Cryptojacking is an emerging online security threat that uses your computing resources to steal cryptocurrencies without being detected.
The accidental invention of cryptocurrencies in 2009 has led to a lot of positive outcomes in both the tech and financial sectors. With more industries incorporating crypto in their payment systems, its popularity has only begun. But as with any new digital invention, there are drawbacks.
Cybercriminals have found several ways to exploit cryptocurrencies and scam people out of their investments. The scale of these scams is massive, with a single attack leading to the theft of millions of dollars. The biggest crypto theft in history happened last year with hackers stealing more than $600 million.
A recent trend in cybercrime is the rise of cryptojacking. We’re going to explain to you exactly how it works and how you can defend yourselves against it.
Cryptojacking is the sanctioned use of personal and business computers for cryptomining by hackers to generate cryptocurrencies. By getting people to click on phishing links, hackers install software onto unsuspecting victims’ computers and use their computing resources for mining or straight-up stealing their crypto wallets.
Cryptomining requires dedicated mining hardware, which is very expensive. Since mining is a continuous process that requires a stable internet and electric connection, the bill can be pretty steep. This is why hackers tend to use other people’s computers to mine for them.
The basic idea behind cryptojacking is to get victims to download a piece of script. This script then executes in the background and mines for cryptocurrencies without any detection.
Cybercriminals have three primary ways to infect computers:
The most common method that hackers use to spread their malicious script is emails. The victim receives an almost legitimate-looking email that encourages them to click on a link or download a file. When they do so, the link runs a code that places the script onto their computer.
Hackers embed their cryptojacking scripts into hundreds of websites. When a user visits those websites, the script downloads and executes. Hackers also inject their malware into pop-up ads that appear on many websites. In most cases, no code is downloaded onto their computer.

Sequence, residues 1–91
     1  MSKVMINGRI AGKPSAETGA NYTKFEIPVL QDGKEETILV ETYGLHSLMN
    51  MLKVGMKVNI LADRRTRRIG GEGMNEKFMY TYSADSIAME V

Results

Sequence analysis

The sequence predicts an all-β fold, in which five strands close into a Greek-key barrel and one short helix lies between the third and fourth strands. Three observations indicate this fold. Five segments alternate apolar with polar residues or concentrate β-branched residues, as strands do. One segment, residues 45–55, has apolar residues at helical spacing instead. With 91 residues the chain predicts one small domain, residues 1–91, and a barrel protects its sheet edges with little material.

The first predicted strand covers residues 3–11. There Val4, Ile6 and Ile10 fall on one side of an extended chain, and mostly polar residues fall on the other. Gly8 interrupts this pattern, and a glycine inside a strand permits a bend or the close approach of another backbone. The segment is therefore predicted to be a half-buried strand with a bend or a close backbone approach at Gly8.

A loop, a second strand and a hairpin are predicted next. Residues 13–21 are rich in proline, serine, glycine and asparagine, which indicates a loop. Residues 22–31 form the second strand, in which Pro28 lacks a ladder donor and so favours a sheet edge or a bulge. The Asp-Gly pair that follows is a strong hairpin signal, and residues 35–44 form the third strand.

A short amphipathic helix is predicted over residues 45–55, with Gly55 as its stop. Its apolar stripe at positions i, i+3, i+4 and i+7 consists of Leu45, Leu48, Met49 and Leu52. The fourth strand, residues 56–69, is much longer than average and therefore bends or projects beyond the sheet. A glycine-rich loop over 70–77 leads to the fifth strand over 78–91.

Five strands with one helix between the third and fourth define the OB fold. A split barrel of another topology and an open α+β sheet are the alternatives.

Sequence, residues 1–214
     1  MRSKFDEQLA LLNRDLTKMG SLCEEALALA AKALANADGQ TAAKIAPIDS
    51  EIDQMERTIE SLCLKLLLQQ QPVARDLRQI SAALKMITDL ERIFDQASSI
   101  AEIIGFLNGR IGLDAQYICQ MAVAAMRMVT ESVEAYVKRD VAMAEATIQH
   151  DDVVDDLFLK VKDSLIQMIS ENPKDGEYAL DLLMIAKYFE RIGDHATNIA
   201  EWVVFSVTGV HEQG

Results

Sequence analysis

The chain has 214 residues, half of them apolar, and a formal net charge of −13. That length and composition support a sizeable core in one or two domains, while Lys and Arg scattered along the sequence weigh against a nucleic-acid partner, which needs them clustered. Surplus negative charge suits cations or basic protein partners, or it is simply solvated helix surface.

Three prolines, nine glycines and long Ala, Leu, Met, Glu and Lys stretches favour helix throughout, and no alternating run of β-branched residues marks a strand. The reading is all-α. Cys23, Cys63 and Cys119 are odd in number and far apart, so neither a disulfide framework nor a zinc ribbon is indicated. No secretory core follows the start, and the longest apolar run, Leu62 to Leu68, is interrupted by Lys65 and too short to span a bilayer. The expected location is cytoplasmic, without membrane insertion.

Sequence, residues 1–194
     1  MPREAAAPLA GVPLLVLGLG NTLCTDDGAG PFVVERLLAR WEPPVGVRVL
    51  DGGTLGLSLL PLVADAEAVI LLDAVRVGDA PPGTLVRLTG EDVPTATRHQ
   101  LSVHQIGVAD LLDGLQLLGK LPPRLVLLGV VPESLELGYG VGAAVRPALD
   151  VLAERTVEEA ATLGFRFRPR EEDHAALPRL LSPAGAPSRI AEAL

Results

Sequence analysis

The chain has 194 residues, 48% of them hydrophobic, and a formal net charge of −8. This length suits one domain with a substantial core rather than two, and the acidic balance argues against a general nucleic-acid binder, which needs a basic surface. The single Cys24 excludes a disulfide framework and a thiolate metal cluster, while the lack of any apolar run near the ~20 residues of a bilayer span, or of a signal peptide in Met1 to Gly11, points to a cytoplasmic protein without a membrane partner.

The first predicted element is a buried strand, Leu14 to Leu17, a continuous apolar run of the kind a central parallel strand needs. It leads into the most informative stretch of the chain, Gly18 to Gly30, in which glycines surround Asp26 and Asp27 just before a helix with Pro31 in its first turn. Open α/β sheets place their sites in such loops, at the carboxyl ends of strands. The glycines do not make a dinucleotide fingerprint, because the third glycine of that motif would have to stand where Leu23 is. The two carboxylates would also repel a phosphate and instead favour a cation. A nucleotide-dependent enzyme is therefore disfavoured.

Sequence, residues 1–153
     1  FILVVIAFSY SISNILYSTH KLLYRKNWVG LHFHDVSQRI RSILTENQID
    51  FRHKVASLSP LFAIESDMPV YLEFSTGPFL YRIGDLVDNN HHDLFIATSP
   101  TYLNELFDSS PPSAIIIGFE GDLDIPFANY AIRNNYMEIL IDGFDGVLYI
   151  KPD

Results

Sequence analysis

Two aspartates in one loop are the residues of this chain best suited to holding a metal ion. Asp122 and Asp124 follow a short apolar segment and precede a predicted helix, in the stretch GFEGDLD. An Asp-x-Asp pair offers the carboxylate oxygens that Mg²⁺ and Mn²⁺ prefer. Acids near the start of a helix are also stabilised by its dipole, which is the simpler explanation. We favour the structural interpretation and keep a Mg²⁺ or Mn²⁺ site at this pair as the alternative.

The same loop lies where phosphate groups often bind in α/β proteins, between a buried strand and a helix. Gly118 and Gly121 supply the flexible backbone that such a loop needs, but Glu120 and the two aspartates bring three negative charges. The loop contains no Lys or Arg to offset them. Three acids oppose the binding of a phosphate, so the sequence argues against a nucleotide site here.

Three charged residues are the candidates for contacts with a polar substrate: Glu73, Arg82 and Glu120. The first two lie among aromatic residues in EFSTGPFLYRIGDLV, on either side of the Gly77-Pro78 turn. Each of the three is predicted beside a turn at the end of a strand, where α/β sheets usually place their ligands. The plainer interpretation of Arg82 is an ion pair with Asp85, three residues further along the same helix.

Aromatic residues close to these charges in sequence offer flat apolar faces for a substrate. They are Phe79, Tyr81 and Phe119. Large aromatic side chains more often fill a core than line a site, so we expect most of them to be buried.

Cryptojacking through the cloud is more complex in nature but also the most lucrative method. Cybercriminals go through an organization’s files to look for Application Programming Interface (API) keys. These keys grant them access to their cloud services. They can then use all the computing resources linked to the organization’s cloud to mine for cryptocurrencies. This results in an accelerated mining process and an increase in the organization’s cloud computing costs.
Graboid was the first-ever cryptojacking worm. A malware that spread itself on its own without the intervention of its creator, Graboid was termed after the 1990’s movie ‘Tremors’. It spread itself using empty Docker Engine deployments that were unauthenticated. Palo Alto Networks cited in their report that Graboid had infected almost 2000 unsecured Docker hosts. The earliest known attack of Graboid was reported to have earned cybercriminals a net of $90,000 in just 30 days.
Smominru is a malicious botnet that has wreaked havoc in the cybersecurity space from 2017 to 2018. The botnet is difficult to stop since it has regeneration capabilities and preys on Microsoft’s SMB protocol vulnerabilities. In 2018, it infected over half a million Windows servers and earned $3 million in Monero, an open-source cryptocurrency. Smominru is powered through EternalBlue, a leaked NSA exploit and the same group that caused the WannaCry ransomware attack.